HOUSTON (ICIS)--Facing stagnant domestic demand for motor gasoline, US refiners in 2018 will continue to pump out increasing amounts of fuels to serve growing international markets.
According to the US Energy Information Administration (EIA), cumulative daily demand in 2017 for finished motor gasoline demand was down by 1%, or about 100,000 bbl/day, to 9.2m bbl/day from 2016.
Gasoline production, however, has averaged around 10m bbl/day and is on a steady climb upwards.
The statistical decline in consumption is likely due to a number of factors, such as more efficient automobiles and higher prices.
However, with the state of California — the most populous state and the largest market for motor fuel — propping a bill to wipe hydrocarbon-burning vehicles from their roads by 2040, refiners must face the fact that domestic gasoline demand is not going to grow.
With that notion set in force, US refiners will seek international market growth to offset homeland depreciation.
In 2017, refiners exported record amounts of gasoline and diesel fuel, so with domestic feedstock, like WTI crude oil, trading at steep discounts to other global benchmarks, refiners can be expected to continue heightening those exports through 2018 and beyond.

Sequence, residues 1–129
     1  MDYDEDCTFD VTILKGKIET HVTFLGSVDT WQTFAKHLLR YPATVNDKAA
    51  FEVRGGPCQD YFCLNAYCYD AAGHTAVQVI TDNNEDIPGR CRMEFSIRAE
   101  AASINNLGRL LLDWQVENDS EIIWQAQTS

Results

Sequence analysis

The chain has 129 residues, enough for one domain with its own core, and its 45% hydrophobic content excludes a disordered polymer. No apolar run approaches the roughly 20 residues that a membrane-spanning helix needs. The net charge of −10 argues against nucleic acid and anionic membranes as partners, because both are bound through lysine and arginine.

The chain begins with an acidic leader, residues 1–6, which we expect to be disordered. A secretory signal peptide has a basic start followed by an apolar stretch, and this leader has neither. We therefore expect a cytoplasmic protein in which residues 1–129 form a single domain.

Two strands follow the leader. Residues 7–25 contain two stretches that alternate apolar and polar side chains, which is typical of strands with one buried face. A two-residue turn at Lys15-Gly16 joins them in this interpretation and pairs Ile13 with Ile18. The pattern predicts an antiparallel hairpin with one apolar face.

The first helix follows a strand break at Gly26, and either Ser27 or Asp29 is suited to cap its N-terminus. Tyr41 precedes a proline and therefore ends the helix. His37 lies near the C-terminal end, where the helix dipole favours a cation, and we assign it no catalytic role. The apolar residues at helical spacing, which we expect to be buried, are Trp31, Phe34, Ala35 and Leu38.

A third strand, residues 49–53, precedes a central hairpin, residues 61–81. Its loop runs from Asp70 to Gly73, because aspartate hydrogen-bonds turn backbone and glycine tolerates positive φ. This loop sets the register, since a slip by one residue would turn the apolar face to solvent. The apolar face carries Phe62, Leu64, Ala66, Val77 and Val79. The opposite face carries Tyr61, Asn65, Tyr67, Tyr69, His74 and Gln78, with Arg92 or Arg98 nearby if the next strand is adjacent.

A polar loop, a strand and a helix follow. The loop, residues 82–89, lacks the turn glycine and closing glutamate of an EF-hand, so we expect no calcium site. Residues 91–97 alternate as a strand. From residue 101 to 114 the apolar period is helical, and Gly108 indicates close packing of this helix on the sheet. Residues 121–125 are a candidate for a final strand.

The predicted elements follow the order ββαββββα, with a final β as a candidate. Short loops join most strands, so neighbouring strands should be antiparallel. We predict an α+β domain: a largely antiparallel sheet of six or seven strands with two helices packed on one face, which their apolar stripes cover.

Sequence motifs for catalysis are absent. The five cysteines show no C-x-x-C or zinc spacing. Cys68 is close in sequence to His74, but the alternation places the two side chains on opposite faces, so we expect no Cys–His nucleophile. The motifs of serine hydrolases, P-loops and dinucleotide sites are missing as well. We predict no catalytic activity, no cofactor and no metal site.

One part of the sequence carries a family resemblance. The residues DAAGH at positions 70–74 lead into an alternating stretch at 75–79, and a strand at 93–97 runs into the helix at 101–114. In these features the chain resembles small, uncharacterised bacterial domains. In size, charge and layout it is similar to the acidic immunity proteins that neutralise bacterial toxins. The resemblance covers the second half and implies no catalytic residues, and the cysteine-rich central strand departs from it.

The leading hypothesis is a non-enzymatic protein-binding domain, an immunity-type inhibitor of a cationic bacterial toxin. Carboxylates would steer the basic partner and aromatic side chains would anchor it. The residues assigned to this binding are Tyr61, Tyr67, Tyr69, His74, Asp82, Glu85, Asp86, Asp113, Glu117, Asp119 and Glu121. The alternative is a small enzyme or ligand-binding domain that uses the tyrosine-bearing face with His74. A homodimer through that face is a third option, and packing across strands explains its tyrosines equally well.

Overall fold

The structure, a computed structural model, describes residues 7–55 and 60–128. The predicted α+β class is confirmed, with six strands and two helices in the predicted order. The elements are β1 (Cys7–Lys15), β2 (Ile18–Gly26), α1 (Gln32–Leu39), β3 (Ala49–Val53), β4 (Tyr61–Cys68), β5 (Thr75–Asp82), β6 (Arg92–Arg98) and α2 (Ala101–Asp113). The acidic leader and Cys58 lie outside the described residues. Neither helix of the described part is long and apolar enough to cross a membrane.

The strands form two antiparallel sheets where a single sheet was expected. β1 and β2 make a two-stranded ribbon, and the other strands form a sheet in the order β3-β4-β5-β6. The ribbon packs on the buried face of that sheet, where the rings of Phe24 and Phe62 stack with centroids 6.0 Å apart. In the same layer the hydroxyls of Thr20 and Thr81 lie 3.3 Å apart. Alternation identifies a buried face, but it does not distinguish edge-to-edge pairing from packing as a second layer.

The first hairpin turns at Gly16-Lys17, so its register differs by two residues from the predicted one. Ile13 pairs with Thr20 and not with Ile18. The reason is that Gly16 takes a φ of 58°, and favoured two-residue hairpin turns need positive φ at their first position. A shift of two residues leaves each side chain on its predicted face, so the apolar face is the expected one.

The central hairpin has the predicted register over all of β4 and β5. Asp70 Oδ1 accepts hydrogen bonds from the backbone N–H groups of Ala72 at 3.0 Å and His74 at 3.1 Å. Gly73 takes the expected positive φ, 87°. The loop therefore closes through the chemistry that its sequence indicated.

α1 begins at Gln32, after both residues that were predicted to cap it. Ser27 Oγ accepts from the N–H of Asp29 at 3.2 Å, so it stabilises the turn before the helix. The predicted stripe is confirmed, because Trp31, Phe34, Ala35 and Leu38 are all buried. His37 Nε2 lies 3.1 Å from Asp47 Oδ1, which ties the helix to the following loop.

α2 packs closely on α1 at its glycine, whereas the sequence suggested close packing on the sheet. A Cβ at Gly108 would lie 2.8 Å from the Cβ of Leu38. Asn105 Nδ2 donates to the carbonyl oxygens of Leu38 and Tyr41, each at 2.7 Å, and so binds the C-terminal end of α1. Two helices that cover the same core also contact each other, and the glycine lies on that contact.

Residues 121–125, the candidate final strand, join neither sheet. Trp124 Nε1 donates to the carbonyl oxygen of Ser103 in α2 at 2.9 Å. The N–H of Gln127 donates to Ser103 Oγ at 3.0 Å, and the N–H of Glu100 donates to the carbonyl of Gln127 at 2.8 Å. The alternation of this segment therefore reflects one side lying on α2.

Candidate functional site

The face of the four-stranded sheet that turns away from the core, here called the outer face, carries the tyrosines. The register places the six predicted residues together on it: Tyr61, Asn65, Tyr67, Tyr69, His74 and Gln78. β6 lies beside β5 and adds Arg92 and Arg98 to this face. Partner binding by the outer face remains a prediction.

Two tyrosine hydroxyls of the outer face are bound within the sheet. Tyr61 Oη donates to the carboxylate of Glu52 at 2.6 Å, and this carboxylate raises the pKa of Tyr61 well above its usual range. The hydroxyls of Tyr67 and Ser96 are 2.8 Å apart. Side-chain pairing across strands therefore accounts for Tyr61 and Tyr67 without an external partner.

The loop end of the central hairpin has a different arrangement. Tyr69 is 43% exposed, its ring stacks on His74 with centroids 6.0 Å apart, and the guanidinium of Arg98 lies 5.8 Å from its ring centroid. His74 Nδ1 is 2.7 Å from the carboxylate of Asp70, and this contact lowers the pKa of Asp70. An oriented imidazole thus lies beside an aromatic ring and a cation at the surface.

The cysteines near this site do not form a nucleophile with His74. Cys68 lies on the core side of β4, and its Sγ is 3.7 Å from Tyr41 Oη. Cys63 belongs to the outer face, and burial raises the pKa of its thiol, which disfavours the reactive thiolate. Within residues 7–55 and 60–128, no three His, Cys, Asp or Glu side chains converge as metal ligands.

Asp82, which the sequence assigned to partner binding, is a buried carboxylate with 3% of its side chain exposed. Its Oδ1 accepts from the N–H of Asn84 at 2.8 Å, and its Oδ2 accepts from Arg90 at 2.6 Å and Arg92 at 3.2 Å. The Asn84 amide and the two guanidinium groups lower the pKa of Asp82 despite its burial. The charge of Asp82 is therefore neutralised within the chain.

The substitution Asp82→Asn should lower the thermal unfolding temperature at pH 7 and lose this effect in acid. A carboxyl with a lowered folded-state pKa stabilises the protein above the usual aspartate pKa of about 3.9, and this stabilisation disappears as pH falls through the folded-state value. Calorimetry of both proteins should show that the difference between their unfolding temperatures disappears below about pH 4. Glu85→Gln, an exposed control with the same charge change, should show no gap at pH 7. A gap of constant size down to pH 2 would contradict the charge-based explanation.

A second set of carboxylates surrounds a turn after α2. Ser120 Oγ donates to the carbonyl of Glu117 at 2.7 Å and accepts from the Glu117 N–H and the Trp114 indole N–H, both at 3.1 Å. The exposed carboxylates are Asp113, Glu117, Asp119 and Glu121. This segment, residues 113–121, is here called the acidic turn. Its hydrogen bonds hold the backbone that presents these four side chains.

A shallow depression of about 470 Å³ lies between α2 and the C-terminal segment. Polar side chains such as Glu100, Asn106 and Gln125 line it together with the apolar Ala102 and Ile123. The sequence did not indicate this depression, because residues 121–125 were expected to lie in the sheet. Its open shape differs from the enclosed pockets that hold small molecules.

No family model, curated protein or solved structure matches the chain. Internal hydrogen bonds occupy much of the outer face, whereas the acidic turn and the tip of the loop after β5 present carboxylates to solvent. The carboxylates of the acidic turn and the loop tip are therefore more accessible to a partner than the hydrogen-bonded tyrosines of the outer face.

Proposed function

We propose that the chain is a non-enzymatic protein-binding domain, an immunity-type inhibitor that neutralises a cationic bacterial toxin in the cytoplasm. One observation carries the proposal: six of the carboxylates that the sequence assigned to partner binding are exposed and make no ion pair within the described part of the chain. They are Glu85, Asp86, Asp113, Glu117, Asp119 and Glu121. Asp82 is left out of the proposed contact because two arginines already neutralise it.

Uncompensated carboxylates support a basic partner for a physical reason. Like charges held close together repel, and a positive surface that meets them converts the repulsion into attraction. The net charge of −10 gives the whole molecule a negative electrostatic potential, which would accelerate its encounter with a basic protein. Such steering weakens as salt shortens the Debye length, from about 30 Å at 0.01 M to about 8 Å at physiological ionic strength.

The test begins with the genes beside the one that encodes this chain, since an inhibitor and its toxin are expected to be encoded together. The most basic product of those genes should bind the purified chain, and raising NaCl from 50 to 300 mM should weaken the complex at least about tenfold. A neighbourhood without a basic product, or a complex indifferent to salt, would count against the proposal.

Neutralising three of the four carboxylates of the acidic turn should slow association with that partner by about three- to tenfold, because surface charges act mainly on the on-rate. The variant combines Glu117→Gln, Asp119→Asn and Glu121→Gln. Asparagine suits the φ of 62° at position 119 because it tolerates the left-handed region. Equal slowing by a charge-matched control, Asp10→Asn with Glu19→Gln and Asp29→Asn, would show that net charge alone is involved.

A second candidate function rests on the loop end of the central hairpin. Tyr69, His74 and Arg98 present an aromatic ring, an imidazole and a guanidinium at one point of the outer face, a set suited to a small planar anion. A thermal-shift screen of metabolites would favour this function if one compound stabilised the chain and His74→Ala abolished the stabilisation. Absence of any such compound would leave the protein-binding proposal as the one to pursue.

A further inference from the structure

“Global [motor fuel] demand growth next year is going to be the strongest we’ve seen in many years [so] the reason refiners are producing so much is that because there is a market for it,” said analyst Phil Flynn of the PRICE Futures Group.
In a clear outlook reversal from the last cycle, Shell will overhaul — instead of dismantling completely — a fluid catalytic cracking unit at its Convent, Louisiana refinery, readying the plant to continue making gasoline for another four-to-five year production cycle.
“They’re getting geared up to export a lot, so the story is that refiners are refining a lot of gasoline,” Flynn added.